Find my *comment below that I left at the State Department's facebook category:
U.S. Department of State: Engaging the Community on Foreign Affairs POLL: What is your biggest foreign policy concern, moving forward in 2010? http://www.facebook.com/EngageStateDept?ref=mf

Poll: http://apps.facebook.com/opinionpolls/poll.php?pid=1269031636

*The worst behavior is targeting people to hurt based on bitterness, resentment, hatred or the need for power at the expense of others. Vitriolic behavior can be found everywhere, but when it is systematic and by a government, it should command us to act. But, we don't. If we want peace, we must work for justice.

I believe the time for being proactive to end what has been happening in Sudan since 2003 is overdue. And our legacy has been to stand by and do nothing effective.

The letter below from President Obama shows understanding, but actions have not been evident.

Dear Sandra Hammel,

Thank you for your letter urging action to end the genocide in Darfur. I share your outrage over the hundreds of thousands of lives lost, and the suffering of millions more. It has gone on for far too long. Bringing relief to the battered region of Darfur is a top priority for my Administration.

As President, I will build on America's efforts that I previously championed in the Senate. I led in calling for the joint African Union/United Nations peacekeeping force now on the ground, and insisted on comprehensive sanctions against the Khartoum government. Going forward, my Administration will continue this work withunstinting resolve to end the genocide.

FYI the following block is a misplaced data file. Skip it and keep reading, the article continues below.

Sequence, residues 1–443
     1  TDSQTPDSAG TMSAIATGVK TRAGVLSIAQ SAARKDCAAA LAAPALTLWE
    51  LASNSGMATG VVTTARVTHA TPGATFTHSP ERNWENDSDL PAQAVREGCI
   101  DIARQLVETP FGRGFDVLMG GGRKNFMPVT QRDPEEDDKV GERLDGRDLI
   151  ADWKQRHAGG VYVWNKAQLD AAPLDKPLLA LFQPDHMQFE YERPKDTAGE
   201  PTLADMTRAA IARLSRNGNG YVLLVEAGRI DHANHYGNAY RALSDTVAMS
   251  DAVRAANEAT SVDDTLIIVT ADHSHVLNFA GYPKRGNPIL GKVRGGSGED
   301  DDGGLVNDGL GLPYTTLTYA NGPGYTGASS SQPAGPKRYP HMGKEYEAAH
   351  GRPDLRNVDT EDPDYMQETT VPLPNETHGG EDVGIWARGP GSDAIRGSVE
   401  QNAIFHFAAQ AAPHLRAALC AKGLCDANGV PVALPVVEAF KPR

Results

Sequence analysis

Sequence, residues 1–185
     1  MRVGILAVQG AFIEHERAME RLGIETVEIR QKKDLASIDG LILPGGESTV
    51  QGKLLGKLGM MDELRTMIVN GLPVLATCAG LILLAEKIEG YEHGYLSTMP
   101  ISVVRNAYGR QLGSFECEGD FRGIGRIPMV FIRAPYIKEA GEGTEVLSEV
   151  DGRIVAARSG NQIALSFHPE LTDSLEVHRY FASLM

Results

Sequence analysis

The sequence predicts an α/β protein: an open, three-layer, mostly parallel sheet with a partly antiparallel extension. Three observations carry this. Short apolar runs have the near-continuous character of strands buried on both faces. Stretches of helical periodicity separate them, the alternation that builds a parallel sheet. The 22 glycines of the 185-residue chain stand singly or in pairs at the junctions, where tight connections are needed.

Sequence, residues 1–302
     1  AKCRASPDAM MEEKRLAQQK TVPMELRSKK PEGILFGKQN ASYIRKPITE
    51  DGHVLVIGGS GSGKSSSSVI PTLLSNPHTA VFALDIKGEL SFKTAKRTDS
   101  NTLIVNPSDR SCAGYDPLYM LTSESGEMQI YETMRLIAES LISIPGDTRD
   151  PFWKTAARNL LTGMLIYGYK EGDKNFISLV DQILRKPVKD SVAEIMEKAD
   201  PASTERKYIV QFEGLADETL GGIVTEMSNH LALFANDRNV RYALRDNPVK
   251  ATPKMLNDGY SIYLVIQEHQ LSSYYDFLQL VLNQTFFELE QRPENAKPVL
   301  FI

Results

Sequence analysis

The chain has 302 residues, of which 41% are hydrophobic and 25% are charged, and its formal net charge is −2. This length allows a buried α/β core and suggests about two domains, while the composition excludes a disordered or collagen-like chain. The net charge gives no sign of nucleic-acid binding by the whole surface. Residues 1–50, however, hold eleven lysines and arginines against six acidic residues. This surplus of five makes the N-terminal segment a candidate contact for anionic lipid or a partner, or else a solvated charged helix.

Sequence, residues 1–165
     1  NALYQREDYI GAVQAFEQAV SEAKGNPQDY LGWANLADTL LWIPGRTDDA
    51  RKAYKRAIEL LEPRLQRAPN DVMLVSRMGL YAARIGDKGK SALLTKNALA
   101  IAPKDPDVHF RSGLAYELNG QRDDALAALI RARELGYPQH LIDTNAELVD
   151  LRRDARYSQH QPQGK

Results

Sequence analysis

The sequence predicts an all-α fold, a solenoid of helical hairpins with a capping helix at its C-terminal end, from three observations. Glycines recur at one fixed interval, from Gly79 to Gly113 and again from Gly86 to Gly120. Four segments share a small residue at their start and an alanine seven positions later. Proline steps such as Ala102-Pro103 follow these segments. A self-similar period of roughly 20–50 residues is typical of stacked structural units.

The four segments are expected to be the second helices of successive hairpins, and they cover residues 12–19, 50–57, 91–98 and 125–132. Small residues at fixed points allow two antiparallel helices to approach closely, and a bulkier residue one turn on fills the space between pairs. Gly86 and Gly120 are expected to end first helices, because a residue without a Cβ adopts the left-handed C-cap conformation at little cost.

In my discussions with other nations, I will work to ensure that tough sanctions on the Khartoum government continue as a part of a growing global effort involving our allies, interested countries, and other multilateral institutions. It is equally critical that we focus on the civilians who are in dire need of life-saving assistance. I will work with Congress to provide necessary humanitarian aid because America must lead with our words and our actions.

Thank you again for expressing your concern about this human catastrophe we are working hard to address. It is very encouraging to hear from Americans like you who act not on self-interest, but on a moral imperative. Our action and leadership will demonstrate who we are as a Nation and as a people.


Barack Obama

Standing with Darfur

If you want peace, work for justice
إذا كنت تريد السلام ، أعمل من أجل العدالة


Tweet this button to read: @JimLangevin Call for a Intelligence Committee special hearing re: #Sudan policy review and demand pressures and consequences #SudanSham

GENOCIDE WILL only STOP WITH US - Our leaders have taught us this

Contact links:

President Obama:
or for organizations at

Secretary of State Clinton:

State Department Facebook:

Ambassador Susan Rice:

Vice President Biden:
or for organizations at

And at http://sudansham2010.org/page3/page3.html
do the tweets but replace any reference to Senate Resolution 404
with something important like "Gration has got to go"
in words of your choosing.

* Action to take: US RI Senator Sheldon Whitehouse, Call (401) 453-5294 or Email

I would like to thank Senator Whitehouse for his continued efforts for Darfur and Sudan. The Sudan Policy’s quarterly review just happened. Sudan has clearly violated benchmarks, and Obama’s policy promised consequences and pressures if and when this happens. Senator Whitehouse, as a member of the Senate Intelligence Committee, should hold a hearing about the Sudan Policy quarterly review. The Senate Intelligence Committee members should ask about the specific benchmarks, pressures, and incentives in the policy, holding our administration to their word.